Boris Johnson has said that future aid to countries such as those in Africa should do more to serve Britain’s political and commercial interests, says the writer. Picture: Frank Augstein/AP
Boris Johnson’s rise to power in Britain poses a major challenge for the African continent. Johnson has always seen the continent through a neo-colonial lens, romanticising Britain’s colonial era as having been good for Africa and its colonial occupiers.

“The best fate for Africa would be if the old colonial powers or their citizens scrambled once again in her direction, on the understanding that this time they will not be asked to feel guilty,” Johnson was quoted as saying.

Johnson has literally dismissed the negative legacy of Britain’s colonial past to the point of calling Africa a blot. “The problem is not that we were once in charge, but that we are not in charge anymore,” he said.

Johnson has never been guarded with his words, and he certainly never thought he would make it to prime minister one day.

He used to say that he had more chance of being reincarnated as an olive than he did of becoming prime minister. Now that he has ascended to the role, he will drive foreign policy in a new virulent brand of neo-nationalism.

Possibly the most infamous and disrespectful quote towards Africans was during former prime minister Tony Blair’s visit to Africa in 2002, when Johnson described locals as “flag waving piccaninnies with watermelon smiles”.

This is reminiscent of US President Donald Trump’s perception of Africa, neither of which bodes well for the development of relations with either the US or Britain on an equal footing based on mutual respect.

These attitudes will mostly affect Africa when it comes to aid and trade. Just as Trump is determined to make aid dependent on how loyal and useful countries are to the US, Johnson takes a similar approach.

He has said that future aid should do more to serve Britain’s political and commercial interests. Earlier this year he called for an end to an independent department on international development. Aid will therefore become an extension of Britain’s narrow foreign policy agenda, rather than for the benefit of the people it is supposed to empower.

As for trade, Africa will certainly suffer if there is a no-deal Brexit. The possibility of no-deal is looking increasingly likely, given that Johnson has imposed a stringent deadline to leave the EU by October 31.

Brussels says he can’t renegotiate Brexit despite the fact Johnson insists he can get a better deal for Britain. But given that the British Parliament has gone into recess, the prospects of securing a deal by the end of October seems unrealistic.

In the eventuality there is a no-deal Brexit, Britain’s trade regime will revert to WTO rules and the Most Favoured Nation principle whereby the same tariff rate will be extended to all countries. Unless a roll-over agreement is in place, South Africa will lose its preferential market access.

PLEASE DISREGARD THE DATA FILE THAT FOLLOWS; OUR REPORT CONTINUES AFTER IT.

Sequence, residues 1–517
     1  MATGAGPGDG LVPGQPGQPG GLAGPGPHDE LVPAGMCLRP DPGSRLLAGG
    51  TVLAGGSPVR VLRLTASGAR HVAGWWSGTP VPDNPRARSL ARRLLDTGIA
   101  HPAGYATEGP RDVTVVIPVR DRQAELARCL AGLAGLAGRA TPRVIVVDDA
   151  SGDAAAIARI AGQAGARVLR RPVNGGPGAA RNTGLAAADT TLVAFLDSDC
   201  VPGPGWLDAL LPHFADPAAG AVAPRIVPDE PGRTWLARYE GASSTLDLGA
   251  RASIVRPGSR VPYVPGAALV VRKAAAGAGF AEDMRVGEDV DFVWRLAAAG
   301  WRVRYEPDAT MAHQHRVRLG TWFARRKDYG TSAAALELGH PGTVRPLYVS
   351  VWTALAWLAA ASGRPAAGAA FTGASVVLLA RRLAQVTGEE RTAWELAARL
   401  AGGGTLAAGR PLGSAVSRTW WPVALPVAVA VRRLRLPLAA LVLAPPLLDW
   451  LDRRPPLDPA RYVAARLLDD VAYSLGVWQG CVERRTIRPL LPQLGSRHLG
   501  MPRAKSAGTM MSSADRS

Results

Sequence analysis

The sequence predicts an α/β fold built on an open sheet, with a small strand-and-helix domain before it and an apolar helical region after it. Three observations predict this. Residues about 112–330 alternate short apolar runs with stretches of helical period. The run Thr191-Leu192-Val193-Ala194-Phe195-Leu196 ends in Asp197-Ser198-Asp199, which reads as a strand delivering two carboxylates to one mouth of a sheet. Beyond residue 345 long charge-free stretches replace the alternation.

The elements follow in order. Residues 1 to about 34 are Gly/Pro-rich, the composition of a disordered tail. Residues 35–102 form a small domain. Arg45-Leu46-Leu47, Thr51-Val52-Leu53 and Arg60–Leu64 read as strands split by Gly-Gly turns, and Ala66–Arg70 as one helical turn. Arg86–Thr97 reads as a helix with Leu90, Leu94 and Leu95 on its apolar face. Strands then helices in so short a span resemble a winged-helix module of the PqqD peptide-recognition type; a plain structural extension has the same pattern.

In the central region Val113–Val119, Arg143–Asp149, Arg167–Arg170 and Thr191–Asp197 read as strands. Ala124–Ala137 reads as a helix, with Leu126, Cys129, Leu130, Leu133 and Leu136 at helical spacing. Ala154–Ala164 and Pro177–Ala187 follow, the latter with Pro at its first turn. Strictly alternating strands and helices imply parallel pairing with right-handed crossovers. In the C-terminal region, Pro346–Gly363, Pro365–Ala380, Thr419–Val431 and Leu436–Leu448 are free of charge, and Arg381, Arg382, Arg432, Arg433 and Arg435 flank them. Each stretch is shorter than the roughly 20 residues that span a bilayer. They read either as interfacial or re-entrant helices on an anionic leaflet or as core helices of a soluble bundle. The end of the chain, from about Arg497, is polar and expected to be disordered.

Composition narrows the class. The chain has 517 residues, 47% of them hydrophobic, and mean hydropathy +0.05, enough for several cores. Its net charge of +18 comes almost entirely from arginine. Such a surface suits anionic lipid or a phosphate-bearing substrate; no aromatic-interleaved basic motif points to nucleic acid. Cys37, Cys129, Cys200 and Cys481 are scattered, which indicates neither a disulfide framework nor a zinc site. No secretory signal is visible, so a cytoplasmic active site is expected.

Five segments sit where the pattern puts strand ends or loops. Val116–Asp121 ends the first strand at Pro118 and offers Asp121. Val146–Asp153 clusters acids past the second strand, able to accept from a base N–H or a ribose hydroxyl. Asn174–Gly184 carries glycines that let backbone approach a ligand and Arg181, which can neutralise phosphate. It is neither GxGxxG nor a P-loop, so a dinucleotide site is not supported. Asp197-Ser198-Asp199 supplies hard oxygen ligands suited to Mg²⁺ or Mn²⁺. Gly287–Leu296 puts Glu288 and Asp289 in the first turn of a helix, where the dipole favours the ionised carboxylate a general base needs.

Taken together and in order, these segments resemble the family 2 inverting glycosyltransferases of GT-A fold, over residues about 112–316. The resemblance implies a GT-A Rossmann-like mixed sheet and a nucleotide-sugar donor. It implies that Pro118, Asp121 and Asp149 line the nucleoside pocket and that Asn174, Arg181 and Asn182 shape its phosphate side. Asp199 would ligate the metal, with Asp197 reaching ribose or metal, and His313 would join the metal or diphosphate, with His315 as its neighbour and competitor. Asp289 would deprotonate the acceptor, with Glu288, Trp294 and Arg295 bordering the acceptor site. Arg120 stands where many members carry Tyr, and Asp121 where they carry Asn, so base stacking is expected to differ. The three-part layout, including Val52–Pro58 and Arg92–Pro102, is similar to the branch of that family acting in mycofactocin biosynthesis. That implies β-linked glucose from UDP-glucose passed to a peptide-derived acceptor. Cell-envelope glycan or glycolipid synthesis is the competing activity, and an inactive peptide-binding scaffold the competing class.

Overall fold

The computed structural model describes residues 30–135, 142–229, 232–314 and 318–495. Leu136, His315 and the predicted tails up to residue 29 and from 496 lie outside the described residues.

Currently, 99% of South African goods enter Britain duty free. Such an outcome will hit South Africa hard as Britain is the second-biggest export destination for our products in Europe, coming after Germany.

Britain has failed to capitalise on Africa as an opportunity. France, Germany and Italy all export more than double the value of goods to Africa than Britain does. Even Spain with an economy half the size that of Britain, exports more to Africa than Britain does.

On environmental issues and climate change, Johnson has proven his disinterest when he was foreign secretary, having marginalised environmental issues. This will also have negative repercussions for Africa, which is suffering the consequences of global warming, as seen in the massive destruction caused by recent cyclones in Southern Africa.

As foreign secretary, Johnson shrank the number of diplomats engaged in climate change negotiations by two-thirds, with the cuts occurring just as countries were coming together to negotiate the Paris Agreement. The irony of Johnson’s position is that this week temperatures in Britain were forecast to be the hottest recorded in the country’s history.

While relations between Africa and Britain under a Johson administration may prove fractious, it is likely that the greatest loser will be Britain itself. Confronting 27 states in the EU will likely make Britain weaker, and it may even spell the end of Britain as we know it if Scotland (which wants to stay in the EU) stages another referendum on independence from Britain.

Britain’s growing international isolation and simultaneous greater reliance on the US is not a recipe for making the country great again.

The British economy is already in decline and further isolating itself is not the answer to the challenges of globalisation.

But the British public have got what they voted for. Now it is for civil society to raise their voices and highlight the critical importance of tackling climate change, strengthening relations with the African continent, and defending multilateralism.

Ebrahim is the group foreign editor at Independent Media